SUMMARY OF THE INVENTION

I have found that spraying a solution of potassium formate on a pile or other mass of coal, minerals or other solid particulate material will inhibit the formation of coherent ice in the interstices of the particulate material. The effects of a solution of potassium formate are three: the freeze point of water is reduced, thus inhibiting the formation of ice; where ice is nevertheless formed in the presence of potassium formate, it is weaker than ice formed in the absence of potassium formate, and, if ice has already been formed prior to the application of potassium formate, the application of potassium formate will melt the ice.

Preferably the spray of potassium formate solution is applied prior to the onset of snow or freezing rain. The spray may be conducted so that the coal or other particulates are wet with the solution at the time the snow or freezing rain arrives, or so that the water from the solution has evaporated by the time the precipitation arrives, leaving a residue of potassium formate on the particulates. In the former case, (prior to the arrival of precipitation), the still liquid solution of potassium formate on the surface of the particulates may be diluted with moisture from the snow in immediate contact with it before the pile is covered with snow, but the effect is that if ice forms, an underlayer of potassium formate solution is actually in contact with the coal or other particulate surface, and the freeze point of the solution is thereby reduced. Even when or if there are cycles of thawing and freezing, the concentration of potassium formate remains highest at the surface of the coal, mineral or other particulates, greatly decreasing the tendency of the weakened ice which does form to coalesce a large portion of the pile or other mass.

In the second case, where the potassium formate solution is sprayed on the previously formed ice or frozen mass of ice and snow, the solution will tend to dissolve the frozen mass, because of its lower freezing point.

In a third variation of the invention, finely divided solid potassium formate is sprinkled on the pile or mass of particulates prior to precipitation likely to form a frozen mass in the interstices of the particulates.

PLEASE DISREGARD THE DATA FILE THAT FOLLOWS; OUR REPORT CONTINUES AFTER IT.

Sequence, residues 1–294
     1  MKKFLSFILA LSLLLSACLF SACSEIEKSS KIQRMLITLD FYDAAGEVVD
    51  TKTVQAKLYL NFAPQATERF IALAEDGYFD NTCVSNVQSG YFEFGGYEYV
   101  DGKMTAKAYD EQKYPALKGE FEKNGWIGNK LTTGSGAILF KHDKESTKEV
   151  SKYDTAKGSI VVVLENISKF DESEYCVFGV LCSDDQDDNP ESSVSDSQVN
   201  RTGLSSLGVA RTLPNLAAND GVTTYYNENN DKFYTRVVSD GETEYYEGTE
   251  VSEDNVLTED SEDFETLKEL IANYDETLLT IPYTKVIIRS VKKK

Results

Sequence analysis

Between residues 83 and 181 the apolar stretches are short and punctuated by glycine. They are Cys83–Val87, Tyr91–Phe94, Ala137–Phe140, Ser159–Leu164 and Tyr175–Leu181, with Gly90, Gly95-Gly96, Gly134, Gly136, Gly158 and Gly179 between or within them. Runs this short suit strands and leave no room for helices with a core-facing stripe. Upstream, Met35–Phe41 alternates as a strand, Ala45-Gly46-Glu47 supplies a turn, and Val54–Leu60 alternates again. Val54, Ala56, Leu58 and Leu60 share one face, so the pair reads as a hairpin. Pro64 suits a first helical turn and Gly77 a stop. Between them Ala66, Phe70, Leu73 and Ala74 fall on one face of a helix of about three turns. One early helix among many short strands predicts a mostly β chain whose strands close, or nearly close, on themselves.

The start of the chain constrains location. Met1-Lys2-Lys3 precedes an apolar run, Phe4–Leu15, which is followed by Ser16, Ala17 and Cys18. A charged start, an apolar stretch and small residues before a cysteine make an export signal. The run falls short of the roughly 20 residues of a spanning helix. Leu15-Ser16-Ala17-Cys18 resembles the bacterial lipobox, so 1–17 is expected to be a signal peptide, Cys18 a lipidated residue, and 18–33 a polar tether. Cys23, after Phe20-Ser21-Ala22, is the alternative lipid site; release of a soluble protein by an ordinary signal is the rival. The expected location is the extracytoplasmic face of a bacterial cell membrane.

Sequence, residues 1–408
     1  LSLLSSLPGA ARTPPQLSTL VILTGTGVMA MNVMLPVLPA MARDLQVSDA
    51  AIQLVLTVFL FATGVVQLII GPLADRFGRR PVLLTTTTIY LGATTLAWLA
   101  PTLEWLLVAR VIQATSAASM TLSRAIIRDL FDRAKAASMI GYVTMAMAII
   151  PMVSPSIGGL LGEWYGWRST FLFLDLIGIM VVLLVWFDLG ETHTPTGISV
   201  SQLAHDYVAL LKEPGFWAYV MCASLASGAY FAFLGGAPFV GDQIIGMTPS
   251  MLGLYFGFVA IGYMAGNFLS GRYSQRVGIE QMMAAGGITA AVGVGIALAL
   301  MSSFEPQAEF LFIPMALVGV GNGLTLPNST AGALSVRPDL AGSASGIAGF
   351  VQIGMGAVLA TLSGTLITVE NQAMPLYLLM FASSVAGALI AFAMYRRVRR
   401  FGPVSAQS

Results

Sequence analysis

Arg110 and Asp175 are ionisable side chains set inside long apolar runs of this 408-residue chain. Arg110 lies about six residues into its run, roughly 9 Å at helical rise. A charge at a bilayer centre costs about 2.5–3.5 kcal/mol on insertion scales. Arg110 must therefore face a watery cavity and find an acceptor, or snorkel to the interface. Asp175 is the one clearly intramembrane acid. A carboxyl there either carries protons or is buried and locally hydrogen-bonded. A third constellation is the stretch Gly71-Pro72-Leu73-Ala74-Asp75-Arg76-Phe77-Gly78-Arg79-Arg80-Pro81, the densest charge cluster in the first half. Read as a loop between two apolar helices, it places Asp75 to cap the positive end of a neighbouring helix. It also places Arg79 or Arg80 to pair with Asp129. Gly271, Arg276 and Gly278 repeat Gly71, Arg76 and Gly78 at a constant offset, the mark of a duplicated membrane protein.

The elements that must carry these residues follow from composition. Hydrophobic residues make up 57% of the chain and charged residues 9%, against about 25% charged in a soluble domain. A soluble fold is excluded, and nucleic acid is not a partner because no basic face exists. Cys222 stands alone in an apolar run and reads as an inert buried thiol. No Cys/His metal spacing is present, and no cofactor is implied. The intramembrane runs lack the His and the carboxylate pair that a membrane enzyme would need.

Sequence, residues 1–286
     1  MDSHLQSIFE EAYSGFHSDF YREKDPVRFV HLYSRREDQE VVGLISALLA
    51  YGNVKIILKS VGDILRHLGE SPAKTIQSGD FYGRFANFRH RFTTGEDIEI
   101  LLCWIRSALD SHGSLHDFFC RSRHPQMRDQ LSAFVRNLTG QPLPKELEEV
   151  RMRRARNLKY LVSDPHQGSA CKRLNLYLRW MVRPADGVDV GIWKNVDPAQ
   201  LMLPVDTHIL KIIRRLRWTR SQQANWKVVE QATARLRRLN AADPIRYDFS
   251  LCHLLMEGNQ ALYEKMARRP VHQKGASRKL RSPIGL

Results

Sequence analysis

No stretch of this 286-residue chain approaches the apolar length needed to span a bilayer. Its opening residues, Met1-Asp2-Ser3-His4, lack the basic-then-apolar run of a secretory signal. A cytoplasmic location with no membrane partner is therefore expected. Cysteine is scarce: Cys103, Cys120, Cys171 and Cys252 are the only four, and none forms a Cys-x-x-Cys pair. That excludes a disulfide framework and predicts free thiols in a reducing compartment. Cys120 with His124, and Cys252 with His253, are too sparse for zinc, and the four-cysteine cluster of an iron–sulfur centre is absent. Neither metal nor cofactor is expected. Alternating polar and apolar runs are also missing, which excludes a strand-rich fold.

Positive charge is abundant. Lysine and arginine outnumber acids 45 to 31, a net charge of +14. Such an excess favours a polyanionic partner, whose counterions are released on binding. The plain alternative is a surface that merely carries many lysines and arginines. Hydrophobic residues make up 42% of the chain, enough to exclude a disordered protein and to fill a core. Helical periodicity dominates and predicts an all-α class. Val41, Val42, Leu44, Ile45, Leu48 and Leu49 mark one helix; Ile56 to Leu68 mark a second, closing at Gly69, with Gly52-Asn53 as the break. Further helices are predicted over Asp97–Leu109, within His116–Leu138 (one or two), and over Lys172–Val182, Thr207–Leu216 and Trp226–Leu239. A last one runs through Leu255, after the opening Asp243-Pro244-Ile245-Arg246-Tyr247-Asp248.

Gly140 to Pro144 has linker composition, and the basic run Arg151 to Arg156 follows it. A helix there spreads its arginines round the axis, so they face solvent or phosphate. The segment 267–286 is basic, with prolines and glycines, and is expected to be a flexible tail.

The term “particulates” is used herein to refer to both small and large substantially water-insoluble particles, ranging from finely ground material to large lumps such as large lumps of coal, and includes materials and ores having a wide range of hardness and moisture contents.

DETAILED DESCRIPTION OF THE INVENTION

Table 1 shows the freeze points of increasing concentrations of potassium formate in water.

TABLE 1
Potassium Formate Solution Freeze Points
Percent by Weight KCOOH Freeze Point, ° F.
 4   28
 8   23
12   18
16   11
20    4
24  −5
28 −13
32 −25
36 −37
40 −49
44 −61
48 −75

When applying the potassium formate solution by spraying ahead of precipitation likely to freeze, I may use concentrations of 1% to 76% by weight, preferably 15% to 60%, and more preferably 30% to 55%. When applying the potassium formate solution to an already frozen mass of material, a concentration of 60% to 76% is preferred; most preferably it is applied in the form of a high pressure spray. By a high pressure spray, I mean one having a pressure higher than normally obtained from a municipal water pressures; it may be in the form of a solid stream or as one or more jets. The solution may be heated.

Experiments were performed to determine the effectiveness of the invention on the cohesive strength of wet coal below 0° C. Comparisons were made of 50% ethylene glycol in water (Control) to potassium formate at 38 and 50 weight percent in water. Minus 6 mesh coal was first thoroughly mixed and divided into three samples which were adjusted to 5%, 10%, and 15% moisture content. Each sample was then divided into five portions and placed in separate plastic bags. Using a syringe, the three solutions were added to each bag at a rate equivalent to two pints per ton, and thoroughly mixed to wet the surfaces of the particulates. For each of the three solutions to be tested, five substantially similar 1 kg wet samples were poured onto pans previously lubricated with mold release agent. The 1 kg samples of coal were consolidated by dropping them a distance of 1 inch to a laboratory bench, and then frozen on the pans at −10° C. (14° F.) for 24 hours.